It probably sounds a bit high brow, but we don’t need to clutter our lives, we don’t need to have things bombarding us all the time. All my designs are really based on not seeking status or glamour or showing one’s wealth, I think things aesthetically can be beautiful by being as simple as they can be. I find Shaker Furniture very inspiring. Quakers went to America and designed everything so that it didn’t get in their way of thinking about God all the time, so they hung their chairs on the wall and you could walk through a room without having to navigate around anything. With the furniture they made, they respected the material as well, they wouldn’t over elaborate it or decorate it, it was just simple enough to see the beauty of the timber.
How did you end up in Bude, and what has made you stay here?
I was evacuated here in the war, and when I got married we bought a very small cottage and would come down every holiday or long weekend from London. And when they joined up the motorway, I realised you could work from here. It was a gamble, a bit like getting married, you do it and then make it work, or otherwise. I think its absolutely true that when you’re younger, you do things incredibly naïvely, and if they work out its fantastic, but if you consider everything that could go wrong you probably wouldn’t do anything.
Do you think it’s a limiting factor being based in Bude?
Initially it was, but to operate from here it got better. With the previous company (Zoeftig) I designed some furniture for Buchannan bus station in Glasgow, and the architects were brilliant. World Architecture Magazine took a photograph of the interior, and right at the front of the picture was my seat. The architects in Las Vegas said ‘wow, we want this seat for our airport’, and I put some together and rushed over there, and eventually 22,000 seats were sold to them. Once you start doing something that sells well, and you can employ more people and you make sure you can keep the quality, then nothing stops you.
Wild swimming spots in Cornwall
Cornwall’s beautiful coastline and rugged countryside is right on our doorstep, and there are so many places to enjoy a swim that offer something a little different than a dip in the sea. Although the wide open ocean might seem like an obvious place to go for a swim, we’ve rounded up our top five wild swimming spots that you may not have heard about, perfect for swimming in without having to dodge any waves or surfers.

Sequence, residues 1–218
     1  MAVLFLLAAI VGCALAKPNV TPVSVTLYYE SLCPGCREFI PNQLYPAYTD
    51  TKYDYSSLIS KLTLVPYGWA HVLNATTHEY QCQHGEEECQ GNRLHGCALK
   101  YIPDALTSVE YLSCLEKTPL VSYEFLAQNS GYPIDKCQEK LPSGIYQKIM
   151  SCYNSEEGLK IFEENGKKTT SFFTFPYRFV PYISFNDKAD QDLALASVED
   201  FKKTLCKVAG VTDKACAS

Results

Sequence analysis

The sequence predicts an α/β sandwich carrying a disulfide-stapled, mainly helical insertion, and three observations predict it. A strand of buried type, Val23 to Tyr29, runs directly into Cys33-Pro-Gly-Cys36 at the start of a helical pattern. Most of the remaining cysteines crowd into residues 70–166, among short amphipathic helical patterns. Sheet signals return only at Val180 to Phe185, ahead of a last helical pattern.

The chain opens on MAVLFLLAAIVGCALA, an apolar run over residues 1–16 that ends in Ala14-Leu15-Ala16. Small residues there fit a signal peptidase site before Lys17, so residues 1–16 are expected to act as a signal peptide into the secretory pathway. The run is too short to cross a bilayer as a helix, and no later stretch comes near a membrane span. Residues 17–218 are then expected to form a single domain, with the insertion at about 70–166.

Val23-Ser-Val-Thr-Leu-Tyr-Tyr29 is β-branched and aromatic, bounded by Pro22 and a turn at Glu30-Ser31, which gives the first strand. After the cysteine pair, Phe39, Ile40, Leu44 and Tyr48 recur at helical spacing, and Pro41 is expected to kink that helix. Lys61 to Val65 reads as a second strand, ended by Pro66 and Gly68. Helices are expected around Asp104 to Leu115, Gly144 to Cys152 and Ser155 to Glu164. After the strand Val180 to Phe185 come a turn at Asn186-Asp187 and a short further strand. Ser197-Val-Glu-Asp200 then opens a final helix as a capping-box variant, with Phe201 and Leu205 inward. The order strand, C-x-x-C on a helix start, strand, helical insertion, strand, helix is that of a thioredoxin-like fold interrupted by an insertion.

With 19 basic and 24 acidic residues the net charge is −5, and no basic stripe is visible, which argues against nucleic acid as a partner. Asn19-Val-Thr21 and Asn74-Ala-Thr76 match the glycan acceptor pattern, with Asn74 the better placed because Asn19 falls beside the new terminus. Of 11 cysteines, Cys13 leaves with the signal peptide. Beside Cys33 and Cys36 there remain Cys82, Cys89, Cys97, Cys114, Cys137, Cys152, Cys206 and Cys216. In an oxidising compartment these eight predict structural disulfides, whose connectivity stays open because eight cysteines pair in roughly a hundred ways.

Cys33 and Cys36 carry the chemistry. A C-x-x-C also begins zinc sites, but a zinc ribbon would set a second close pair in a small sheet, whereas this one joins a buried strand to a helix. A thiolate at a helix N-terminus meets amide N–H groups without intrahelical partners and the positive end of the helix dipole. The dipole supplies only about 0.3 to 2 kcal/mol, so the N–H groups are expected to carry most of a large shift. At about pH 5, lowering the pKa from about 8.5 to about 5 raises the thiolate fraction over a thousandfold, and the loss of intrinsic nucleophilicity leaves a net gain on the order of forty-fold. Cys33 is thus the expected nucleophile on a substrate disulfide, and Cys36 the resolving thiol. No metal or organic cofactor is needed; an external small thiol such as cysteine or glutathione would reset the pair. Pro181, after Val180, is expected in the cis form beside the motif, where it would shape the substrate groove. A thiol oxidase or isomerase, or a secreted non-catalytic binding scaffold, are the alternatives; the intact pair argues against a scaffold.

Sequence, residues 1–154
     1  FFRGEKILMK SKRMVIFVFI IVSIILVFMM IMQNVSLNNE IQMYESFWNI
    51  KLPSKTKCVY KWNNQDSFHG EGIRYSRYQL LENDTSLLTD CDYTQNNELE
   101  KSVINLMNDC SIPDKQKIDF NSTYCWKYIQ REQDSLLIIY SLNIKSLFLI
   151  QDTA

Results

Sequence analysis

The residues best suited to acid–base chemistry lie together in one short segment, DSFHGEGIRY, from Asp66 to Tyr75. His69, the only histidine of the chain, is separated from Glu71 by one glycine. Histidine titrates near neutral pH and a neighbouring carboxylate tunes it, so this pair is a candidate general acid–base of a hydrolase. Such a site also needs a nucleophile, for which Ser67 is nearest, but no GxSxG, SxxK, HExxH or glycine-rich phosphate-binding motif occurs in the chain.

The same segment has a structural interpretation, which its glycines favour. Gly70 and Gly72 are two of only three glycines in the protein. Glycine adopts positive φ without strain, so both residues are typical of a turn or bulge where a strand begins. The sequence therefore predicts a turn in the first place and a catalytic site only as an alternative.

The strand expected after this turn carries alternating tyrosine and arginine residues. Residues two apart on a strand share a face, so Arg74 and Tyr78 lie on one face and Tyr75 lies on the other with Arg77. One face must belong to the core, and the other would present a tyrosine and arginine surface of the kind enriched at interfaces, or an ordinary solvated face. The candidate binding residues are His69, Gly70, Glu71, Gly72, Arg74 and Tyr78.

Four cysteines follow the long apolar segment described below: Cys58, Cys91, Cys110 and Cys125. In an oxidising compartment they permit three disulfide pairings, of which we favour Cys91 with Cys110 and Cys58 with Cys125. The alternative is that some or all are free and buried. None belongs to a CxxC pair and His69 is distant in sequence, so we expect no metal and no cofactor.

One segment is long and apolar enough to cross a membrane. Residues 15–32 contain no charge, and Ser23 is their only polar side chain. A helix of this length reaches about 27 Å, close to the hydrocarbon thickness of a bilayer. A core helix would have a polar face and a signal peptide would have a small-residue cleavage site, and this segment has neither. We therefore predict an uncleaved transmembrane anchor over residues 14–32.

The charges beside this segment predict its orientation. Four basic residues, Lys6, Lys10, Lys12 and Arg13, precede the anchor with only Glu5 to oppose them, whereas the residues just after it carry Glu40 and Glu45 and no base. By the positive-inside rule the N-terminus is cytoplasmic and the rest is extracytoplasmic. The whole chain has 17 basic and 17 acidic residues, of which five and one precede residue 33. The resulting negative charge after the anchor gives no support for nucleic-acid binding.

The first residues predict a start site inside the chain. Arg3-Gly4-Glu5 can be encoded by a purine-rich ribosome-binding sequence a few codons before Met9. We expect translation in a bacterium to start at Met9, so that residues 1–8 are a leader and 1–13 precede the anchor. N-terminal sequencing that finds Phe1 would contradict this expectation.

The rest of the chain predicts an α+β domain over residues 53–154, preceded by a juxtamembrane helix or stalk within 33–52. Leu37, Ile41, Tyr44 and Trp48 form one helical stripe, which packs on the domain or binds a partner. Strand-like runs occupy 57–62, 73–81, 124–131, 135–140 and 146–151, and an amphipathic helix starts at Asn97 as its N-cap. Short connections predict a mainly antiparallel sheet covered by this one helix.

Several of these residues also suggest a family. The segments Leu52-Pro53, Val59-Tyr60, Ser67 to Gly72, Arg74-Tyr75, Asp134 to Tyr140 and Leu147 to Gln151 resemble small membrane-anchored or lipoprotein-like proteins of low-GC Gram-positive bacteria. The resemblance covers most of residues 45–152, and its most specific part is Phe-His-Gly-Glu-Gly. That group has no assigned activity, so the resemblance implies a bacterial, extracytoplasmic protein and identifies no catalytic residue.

Wild swimming in Cornwall
Open from early March to late October, Jubilee Pool is a fantastic place to enjoy natural seawater in a safe, controlled environment. High walls protect visitors from any offshore winds, and the pool has a smaller bathing pool for toddlers and younger children. The pool is the UK’s largest seawater lido, and was officially reopened by Prince Charles in 2016 after having been closed for a number of years. The first stage of plans to heat a section of the pool using geothermal energy has now also begun, with mechanics drilling down and tapping into a deep geothermal well which will eventually produce bathing waters of around 35°C.
Partly man-made and partly natural, Bude Sea Pool is a brilliant wild swimming pool tucked beneath the cliff at the northern side of Summerleaze Beach, providing a safe haven for swimmers who can enjoy the benefits of wild swimming without having to worry about the dangers of the sea. Originally constructed in the 1930’s, the pool is 91 metres long and acts as a major draw for visitors to Bude, naturally refilling at high tide each day. All public funding for the pool was withdrawn in 2010, and it has since been maintained solely by the Friends of Bude Sea Pool, which rely on donations from supporters. The pool is completely free to enjoy and is used for a number of purposes, including surf life saving and swimming lessons, and it’s only 100 meters from our hotel, so remember your swimmers.
(Read our interview with a Friends of Bude Sea Pool member to find out more about the incredible efforts that go into maintaining it: http://www.thebeachatbude.co.uk/insight-bude-sea-pool/.)
As if Perranporth’s three-mile stretch of golden sand isn’t enough of an attraction, the beach also houses a natural tidal pool within Chapel Rock, a large sea stack that juts out from the cliffs at the southern end of the beach. Being quite small, the pool is naturally warmed from the sun in the summer months, and provides a brilliant area for children to learn to swim, snorkel and dive. The tide can come in quite fast at this beach, so visitors are warned to keep an eye on it.